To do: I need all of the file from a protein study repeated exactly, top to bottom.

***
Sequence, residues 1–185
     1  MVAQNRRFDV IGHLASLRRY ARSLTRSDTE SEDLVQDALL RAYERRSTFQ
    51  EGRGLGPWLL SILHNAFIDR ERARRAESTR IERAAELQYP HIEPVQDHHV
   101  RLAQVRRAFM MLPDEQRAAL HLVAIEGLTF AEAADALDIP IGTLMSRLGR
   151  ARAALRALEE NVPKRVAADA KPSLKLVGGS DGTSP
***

Sequence, residues 1–185
     1  MVAQNRRFDV IGHLASLRRY ARSLTRSDTE SEDLVQDALL RAYERRSTFQ
    51  EGRGLGPWLL SILHNAFIDR ERARRAESTR IERAAELQYP HIEPVQDHHV
   101  RLAQVRRAFM MLPDEQRAAL HLVAIEGLTF AEAADALDIP IGTLMSRLGR
   151  ARAALRALEE NVPKRVAADA KPSLKLVGGS DGTSP